Polyethylene or polyethene is a thermoplastic commodity heavily used in consumer products (over 60M tons are produced worldwide every year). Its name originates from the monomer ethene used to create the polymer.
In the polymer industry the name is sometimes shortened to PE, similar to how other polymers like polypropylene and polystyrene are shortened to PP and PS, respectively. In the United Kingdom the polymer is called polythene. (e.g. in the Beatles song Polythene Pam).
Polyethylene is created through polymerization of ethene. It can be produced through radical polymerization, anionic polymerization,Ion Coordination polymerization, and cationic polymerization. This is because ethene does not have any substituent groups which influence the stability of the propagation head of the polymer. Each of these methods results in a different type of polyethylene.
Classification of polyethylenes
Polyethylene is classified into several different categories based mostly on its density and branching. The mechanical properties of PE depend significantly on variables such as the extent and type of branching, the crystal structure, and the molecular weight.
- UHMWPE (ultra high molecular weight PE)
- HDPE (high density PE)
- HDXLPE (high density cross-linked PE)
- PEX (cross-linked PE)
- MDPE (medium density PE)
- LDPE (low density PE)
- LLDPE (linear low density PE)
- VLDPE (very low density PE)
UHMWPE is polyethylene with a molecular weight numbering in the millions, usually between 3.1 and 5.67 million. The high molecular weight results in less efficient packing of the chains into the crystal structure as evidenced by densities less than high density polyethylene (e.g. 0.935 - 0.930). The high molecular weight results in a very tough material. UHMWPE can be made through any catalyst technology, although Ziegler catalysts are most common. UHMWPE is used in high modulus fibers and in bulletproof vests.
HDPE is defined by a density of greater or equal to 0.941 g/cc. HDPE has a low degree of branching and thus stronger intermolecular forces and tensile strength. HDPE can be produced by chromium/silica catalysts, Ziegler-Natta catalysts or metallocene catalysts. The lack of branching is ensured by an appropriate choice of catalyst (e.g. Chromium catalysts or Ziegler-Natta catalysts and reaction conditions.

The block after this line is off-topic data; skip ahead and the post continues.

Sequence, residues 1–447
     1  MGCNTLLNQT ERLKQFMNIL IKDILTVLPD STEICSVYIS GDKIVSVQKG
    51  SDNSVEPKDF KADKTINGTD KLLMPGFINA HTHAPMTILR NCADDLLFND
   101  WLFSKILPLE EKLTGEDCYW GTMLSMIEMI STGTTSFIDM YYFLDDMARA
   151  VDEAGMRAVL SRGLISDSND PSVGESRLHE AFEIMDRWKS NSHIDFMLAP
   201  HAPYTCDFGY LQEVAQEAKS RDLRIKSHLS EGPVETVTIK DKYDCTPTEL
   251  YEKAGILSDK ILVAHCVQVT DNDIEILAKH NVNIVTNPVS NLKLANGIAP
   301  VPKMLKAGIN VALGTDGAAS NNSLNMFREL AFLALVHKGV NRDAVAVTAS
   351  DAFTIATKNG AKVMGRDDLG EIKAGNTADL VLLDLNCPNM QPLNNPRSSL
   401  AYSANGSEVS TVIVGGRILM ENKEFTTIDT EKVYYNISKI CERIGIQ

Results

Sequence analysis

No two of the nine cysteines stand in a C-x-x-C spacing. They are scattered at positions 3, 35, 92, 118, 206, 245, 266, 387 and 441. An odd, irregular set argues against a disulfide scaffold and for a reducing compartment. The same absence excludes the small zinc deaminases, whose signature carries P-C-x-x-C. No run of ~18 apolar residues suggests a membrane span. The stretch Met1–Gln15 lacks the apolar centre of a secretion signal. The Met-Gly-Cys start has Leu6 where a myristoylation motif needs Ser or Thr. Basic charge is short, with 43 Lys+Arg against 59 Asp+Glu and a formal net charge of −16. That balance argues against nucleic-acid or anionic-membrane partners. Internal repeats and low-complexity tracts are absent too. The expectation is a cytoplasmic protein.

PEX is a medium- to high-density polyethylene containing cross-link bonds introduced into the polymer structure, changing the thermoplast into an elastomer. The high-temperature properties of the polymer are improved, its flow is reduced and its chemical resistance is enhanced. PEX is used in some potable water plumbing systems, as tubes made of the material can be expanded to fit over a metal nipple, and it will slowly return to its original shape, forming a permanent, water-tight connection.
MDPE is defined by a density range of 0.926 - 0.940 g/cc. MDPE can be produced by chromium/silica catalysts, Ziegler-Natta catalysts or metallocene catalysts.
LLDPE is defined by a density range of 0.915 - 0.925 g/cc. is a substantially linear polymer, with significant numbers of short branches, commonly made by copolymerization of ethylene with short-chain alpha-olefins (e.g. 1-butene, 1-hexene, and 1-octene.
LDPE is defined by a density range of 0.910 - 0.940 g/cc. LDPE has a high degree of short and long chain branching, which means that the chains do not pack into the crystal structure as well. It has therefore less strong intermolecular forces as the instantaneous-dipole induced-dipole attraction is less. This results in a lower tensile strength and increased ductility. LDPE is created by free radical polymerization. The high degree of branches with long chains gives molten LDPE unique and desirable flow properties.
VLDPE is defined by a density range of 0.880 - 0.915 g/cc. is a substantially linear polymer, with high levels of short chain branches, commonly made by copolymerization of ethylene with short-chain alpha-olefins (e.g. 1-butene, 1-hexene, and 1-octene. VLDPE is most commonly produced using metallocene catalysts due to the greater co-monomer incorporation exhibited by these catalysts.
The most common household use of HDPE is in containers for milk, liquid laundry detergent, etc; the most common household use of LDPE is in plastic bags. LLDPE is used in flexible tubing and in bags either neat or blended with LDPE.